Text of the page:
Some of the activities include creating animal lanterns from recycled bottles, making paper daffodils, and creating carnival masks.
Place2Be is an organisation dedicated to improving the mental health of children. Here teachers, assistants, carers, and parents can find specialist-created art activities to nurture their relationships with children. The purpose of the Art Room, according to Place2Be, is to “encourage children to create something they want to make.” Because of this, all activities are designed to be flexible to allow children freedom in their creative processes and to help adults adapt exercises to each child.
Taking students on a field trip often depends on where your school is located. Google Arts and Culture makes it easy and fun to take students on virtual field trips through art museums around the world, or through the details of famous pieces of art.
Suited more towards KS2 students, Google Arts and Culture is home to a variety of games and apps where students can experiment with selfies in different artistic styles or use augmented reality to place famous sculptures in their homes or in the classroom. The site has a ‘today in history’ feature where students can read about a memorable art history milestone that happened on that very day. This resource is an excellent jumping-off point to get students excited and start imaginations flowing with interactive tasks.
Creative Art Lesson Themes and Activities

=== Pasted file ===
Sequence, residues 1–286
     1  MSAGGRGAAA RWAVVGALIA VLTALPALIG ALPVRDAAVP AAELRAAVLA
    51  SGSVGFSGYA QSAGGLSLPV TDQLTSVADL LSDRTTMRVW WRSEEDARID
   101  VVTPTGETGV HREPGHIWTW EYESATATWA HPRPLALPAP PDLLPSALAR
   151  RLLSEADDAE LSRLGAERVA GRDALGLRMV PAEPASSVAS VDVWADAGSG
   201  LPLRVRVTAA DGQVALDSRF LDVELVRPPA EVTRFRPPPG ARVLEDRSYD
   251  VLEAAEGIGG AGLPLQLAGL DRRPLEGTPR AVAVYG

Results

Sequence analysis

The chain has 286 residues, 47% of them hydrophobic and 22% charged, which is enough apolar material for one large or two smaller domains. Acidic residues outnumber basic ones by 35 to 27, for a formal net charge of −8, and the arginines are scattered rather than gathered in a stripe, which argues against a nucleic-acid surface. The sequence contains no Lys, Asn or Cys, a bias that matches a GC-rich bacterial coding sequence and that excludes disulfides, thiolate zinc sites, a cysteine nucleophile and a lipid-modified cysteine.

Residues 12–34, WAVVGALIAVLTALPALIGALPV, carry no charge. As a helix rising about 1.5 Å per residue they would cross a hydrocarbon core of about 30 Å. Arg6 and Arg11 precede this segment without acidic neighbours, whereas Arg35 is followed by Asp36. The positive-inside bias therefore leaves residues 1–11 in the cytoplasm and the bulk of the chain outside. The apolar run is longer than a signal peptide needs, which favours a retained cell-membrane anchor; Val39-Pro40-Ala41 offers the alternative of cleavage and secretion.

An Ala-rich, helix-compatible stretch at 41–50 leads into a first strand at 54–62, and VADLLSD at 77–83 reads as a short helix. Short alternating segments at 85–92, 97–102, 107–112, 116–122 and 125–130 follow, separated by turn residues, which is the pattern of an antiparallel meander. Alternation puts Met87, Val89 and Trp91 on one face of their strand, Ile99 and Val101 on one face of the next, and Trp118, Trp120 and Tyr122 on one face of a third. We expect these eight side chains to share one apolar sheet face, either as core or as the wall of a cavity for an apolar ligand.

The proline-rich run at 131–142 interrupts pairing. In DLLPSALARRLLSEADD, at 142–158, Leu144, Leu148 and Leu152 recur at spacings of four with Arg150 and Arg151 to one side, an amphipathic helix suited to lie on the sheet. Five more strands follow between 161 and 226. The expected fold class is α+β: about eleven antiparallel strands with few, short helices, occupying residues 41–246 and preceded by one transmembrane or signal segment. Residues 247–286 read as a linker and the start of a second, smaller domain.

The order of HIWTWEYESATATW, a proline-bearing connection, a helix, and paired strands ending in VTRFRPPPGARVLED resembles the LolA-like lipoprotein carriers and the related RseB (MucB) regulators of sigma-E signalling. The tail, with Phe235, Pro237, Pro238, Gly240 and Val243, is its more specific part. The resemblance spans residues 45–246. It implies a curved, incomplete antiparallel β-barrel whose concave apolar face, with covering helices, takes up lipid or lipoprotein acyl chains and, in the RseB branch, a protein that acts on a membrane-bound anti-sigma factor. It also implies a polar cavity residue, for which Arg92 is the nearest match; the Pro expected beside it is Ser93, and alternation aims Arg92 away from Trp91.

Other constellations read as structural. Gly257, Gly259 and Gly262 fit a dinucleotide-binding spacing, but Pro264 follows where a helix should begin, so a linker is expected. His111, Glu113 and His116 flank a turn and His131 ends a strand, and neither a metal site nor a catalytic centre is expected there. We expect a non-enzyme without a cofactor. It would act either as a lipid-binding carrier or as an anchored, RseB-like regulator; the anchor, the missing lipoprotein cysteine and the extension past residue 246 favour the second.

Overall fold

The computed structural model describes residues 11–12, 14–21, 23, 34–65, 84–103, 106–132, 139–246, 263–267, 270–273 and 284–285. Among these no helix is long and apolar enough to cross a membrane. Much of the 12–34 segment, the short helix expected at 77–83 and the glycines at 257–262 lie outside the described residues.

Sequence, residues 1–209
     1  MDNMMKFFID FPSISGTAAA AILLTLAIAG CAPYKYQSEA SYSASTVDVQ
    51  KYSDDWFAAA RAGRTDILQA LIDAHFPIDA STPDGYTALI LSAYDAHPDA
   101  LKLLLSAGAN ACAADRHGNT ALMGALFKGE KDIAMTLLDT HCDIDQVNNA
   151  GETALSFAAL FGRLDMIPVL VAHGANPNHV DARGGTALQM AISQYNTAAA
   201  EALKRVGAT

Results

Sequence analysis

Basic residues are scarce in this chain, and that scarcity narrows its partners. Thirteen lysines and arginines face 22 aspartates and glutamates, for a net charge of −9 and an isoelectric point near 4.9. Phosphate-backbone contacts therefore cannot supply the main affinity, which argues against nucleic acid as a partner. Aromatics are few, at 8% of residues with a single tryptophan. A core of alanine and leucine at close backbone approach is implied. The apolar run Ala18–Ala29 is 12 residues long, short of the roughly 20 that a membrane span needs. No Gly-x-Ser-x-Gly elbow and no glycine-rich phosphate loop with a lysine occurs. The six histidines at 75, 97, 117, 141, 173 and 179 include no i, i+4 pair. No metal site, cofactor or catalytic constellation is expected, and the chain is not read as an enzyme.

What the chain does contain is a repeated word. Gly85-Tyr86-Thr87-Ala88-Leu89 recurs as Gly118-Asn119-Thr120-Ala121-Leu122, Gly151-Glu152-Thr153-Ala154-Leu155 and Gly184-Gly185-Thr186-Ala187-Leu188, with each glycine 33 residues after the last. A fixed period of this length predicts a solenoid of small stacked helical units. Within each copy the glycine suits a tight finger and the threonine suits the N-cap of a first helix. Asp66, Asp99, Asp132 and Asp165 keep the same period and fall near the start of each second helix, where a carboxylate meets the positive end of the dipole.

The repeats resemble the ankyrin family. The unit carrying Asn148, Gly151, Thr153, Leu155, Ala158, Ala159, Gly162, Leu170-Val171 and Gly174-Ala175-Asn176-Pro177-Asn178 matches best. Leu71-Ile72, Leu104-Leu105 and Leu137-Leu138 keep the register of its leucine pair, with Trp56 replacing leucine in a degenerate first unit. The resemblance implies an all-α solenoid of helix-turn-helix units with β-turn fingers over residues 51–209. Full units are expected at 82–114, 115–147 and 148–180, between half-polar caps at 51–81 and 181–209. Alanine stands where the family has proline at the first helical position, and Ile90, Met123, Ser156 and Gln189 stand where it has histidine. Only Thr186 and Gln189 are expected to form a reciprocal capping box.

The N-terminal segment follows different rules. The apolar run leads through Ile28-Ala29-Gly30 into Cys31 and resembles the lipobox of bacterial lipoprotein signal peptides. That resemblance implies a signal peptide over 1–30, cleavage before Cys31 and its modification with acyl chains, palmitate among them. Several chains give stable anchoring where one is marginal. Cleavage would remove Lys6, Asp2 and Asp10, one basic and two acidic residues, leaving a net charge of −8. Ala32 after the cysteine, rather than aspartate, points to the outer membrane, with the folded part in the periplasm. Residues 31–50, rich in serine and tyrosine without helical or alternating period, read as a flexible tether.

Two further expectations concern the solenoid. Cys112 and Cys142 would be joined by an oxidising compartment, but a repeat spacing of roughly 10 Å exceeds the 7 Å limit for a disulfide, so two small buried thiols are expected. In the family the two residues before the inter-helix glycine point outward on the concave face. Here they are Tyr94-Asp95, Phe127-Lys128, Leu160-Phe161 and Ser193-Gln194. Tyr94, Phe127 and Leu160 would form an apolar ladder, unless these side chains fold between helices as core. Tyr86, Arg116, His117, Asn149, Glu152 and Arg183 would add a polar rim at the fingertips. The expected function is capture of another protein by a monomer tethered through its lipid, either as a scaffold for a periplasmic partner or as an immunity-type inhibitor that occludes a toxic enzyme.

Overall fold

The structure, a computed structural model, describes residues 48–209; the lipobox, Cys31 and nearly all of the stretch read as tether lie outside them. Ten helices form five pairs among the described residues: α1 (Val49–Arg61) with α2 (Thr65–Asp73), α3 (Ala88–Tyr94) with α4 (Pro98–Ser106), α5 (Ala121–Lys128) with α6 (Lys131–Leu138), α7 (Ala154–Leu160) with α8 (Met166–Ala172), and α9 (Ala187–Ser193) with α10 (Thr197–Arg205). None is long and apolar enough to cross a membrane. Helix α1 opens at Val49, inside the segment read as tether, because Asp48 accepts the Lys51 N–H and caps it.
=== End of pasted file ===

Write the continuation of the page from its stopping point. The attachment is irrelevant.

Jackson Pollock splatter painting
Let the children get inspired by Jackson Pollock’s messy abstract expressionism and create their own works of art with paint splatters. Jackson Pollock liked to work on the floor, so using a roll of paper like our Easel Paper Rolls would be best for this activity. Make sure the children have access to many different paint colours. At Springboard Supplies we stock a 20 pack of Ready Mixed Paint Rainbow Colours. Give the children paintbrushes and show them how to dip the brushes in paint and then create splatter effects on the paper.
Springboard Supplies Ready Mixed Paint Rainbow Colours
Stained glass mosaics
Prepare a PowerPoint presentation to show the children famous stained glass windows such as Notre Dame’s South Rose stained glass window and explain how stained glass windows often tell stories.
Tell the children they will be making a stained glass window to tell their own story. Provide the children with some black paper and make sure they have lots of different paper mosaic pieces to use in different colours and textures. Ask the children to draw out a picture that represents something about their identity, like a pet or their house and get them to cover the drawing in the different mosaic pieces. Holographic Mosaic Squares are a fun way to recreate the sun shining through a stained glass window.
Pointillism stamp picture making
Help the children to discover the artistic movement of pointillism through famous paintings like Georges Seurat’s A Sunday on La Grande Jatte, explain how pointillism is produced with hundreds of tiny dots. Tell the children that they can make their own pointillism pictures using only dots and stamps.
Springboard Supplies Giant Texture Palm Stampers
You can create some homemade potato stamps for the children to use and explore how different shaped stamps produce different patterns. Art Springboard Supplies we stock several different types of stamps that produce different effects, like our Giant Texture Palm Stampers, or Hemispherical Stampers which can produce different results when children try rolling them across the paper.